Burns Nu-Sonic Solid Body Electric Guitar (1965)

Burns  Nu-Sonic Solid Body Electric Guitar  (1965)

This item has been sold.
Item # 7363
Prices subject to change without notice.
Burns Nu-Sonic Model Solid Body Electric Guitar (1965), made in London, England, cherry polyester finish, Agba wood body, maple neck with rosewood fingerboard, black tolex hard shell case.

The Nu-Sonic guitar was Burns of London's student-level instrument after mid-1964, introduced to replace the original 1960 Sonic series. The model was offered in guitar and bass form in cherry or black finish at around half the price of a flashy Bison or Marvin guitar; it is roughly the equivalent of Fender's Mustang. Despite its lower-budget intentions, the Nu-Sonic is a well-made guitar and was not particularly cheap by contemporary standards. Perhaps in light of this, it was one of the first models to be dropped by Baldwin after they bought the Burns company in September 1965.

As the Nu-Sonics were discontinued by the fall of 1966 the total production run very brief at only about two years. Burns-labeled examples like this are quite rare, especially in the US. The serial number indicates this particular guitar was likely built just around the change in regime and is likely one of the final Burns-logo examples shipped out. Fitted out with two single-coil Nu-Sonic Pickups, 3-way switch, individual volumes and master tone this is a very light and comfortable guitar with a snarly tone. A cool Burns rarity and neat little player's guitar.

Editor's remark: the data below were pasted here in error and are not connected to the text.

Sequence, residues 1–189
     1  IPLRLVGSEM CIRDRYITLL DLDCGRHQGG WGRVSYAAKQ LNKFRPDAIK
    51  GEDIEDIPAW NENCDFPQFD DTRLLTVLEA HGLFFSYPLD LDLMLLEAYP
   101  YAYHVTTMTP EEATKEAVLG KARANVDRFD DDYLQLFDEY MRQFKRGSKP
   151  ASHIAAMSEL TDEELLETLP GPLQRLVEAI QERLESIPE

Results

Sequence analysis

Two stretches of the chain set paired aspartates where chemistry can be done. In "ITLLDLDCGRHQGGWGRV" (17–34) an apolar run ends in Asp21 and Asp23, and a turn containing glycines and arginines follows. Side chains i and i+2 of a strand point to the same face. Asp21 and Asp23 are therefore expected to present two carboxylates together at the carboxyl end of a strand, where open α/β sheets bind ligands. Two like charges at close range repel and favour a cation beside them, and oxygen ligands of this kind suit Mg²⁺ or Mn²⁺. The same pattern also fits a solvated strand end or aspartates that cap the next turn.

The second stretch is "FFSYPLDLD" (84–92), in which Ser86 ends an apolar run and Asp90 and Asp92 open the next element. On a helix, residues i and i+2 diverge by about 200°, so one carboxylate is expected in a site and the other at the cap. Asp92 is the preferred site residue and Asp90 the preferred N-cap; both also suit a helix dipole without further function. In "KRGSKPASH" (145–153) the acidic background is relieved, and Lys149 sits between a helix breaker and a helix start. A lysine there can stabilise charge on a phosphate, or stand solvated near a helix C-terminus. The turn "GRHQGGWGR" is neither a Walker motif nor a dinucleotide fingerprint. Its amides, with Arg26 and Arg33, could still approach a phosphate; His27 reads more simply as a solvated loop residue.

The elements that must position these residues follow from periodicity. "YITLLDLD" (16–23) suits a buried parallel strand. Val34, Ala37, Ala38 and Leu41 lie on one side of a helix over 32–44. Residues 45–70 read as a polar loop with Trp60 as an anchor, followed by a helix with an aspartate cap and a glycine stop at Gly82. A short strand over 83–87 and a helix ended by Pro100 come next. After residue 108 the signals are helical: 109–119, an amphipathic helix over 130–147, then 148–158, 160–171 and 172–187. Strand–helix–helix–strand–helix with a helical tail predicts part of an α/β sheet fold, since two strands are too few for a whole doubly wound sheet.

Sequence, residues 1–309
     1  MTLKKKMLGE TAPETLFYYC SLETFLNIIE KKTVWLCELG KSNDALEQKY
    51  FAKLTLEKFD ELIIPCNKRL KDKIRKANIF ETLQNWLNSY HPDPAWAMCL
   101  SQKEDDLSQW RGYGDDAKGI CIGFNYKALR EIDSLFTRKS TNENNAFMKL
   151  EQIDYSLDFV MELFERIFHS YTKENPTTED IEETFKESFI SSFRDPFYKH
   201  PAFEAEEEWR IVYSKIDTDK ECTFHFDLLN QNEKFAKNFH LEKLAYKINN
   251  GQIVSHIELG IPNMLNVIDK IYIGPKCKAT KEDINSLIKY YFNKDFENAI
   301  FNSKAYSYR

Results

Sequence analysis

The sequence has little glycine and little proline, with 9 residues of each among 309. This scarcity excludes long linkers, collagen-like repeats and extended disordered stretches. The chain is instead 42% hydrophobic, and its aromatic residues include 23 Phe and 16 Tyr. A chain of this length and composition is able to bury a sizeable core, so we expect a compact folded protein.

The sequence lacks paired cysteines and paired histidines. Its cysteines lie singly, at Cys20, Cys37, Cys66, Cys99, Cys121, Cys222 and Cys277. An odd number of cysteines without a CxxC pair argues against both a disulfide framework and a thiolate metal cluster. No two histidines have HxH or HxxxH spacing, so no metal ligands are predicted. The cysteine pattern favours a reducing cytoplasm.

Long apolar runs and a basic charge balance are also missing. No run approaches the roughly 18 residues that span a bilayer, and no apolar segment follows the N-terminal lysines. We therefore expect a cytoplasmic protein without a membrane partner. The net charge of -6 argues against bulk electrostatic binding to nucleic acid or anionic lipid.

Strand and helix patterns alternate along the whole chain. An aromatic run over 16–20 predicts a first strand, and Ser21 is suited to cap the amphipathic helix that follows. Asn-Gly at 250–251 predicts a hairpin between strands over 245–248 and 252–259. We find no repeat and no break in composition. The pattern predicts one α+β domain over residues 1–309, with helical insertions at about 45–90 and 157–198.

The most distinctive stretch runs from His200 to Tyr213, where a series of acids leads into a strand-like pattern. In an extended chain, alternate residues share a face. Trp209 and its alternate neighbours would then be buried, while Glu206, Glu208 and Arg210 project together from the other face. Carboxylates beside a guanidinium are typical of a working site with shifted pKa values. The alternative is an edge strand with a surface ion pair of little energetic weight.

Overall length is 37 7/8 in. (96.2 cm.), 13 in. (33 cm.) wide at lower bout, and 1 1/2 in. (3.8 cm.) in depth, measured at side of rim. Scale length is 23 3/8 in. (594 mm.). Width of nut is 1 11/16 in. (43 mm.). This guitar shows general wear overall but remains in original unaltered condition. There are dings and scrapes to the finish and quite a bit the typical Polyester checking on the body. The finish also shows quite a bit of fade-the front is more of a gentle tangerine hue while the back still shows a strong bright cherry. There is one extra screw hole by the back strap button where is was moved slightly at some point, but no other damage, repair or alteration. The metal parts show some corrosion; like nearly every Nu-Sonic we have ever had, the vibrato arm has gone missing. The frets and fingerboard show less wear than one might expect and overall this is a nice player's example of this short-lived Jim Burns creation, a superbly light and handy little guitar complete with a Baldwin-era HSC. Overall Very Good + Condition.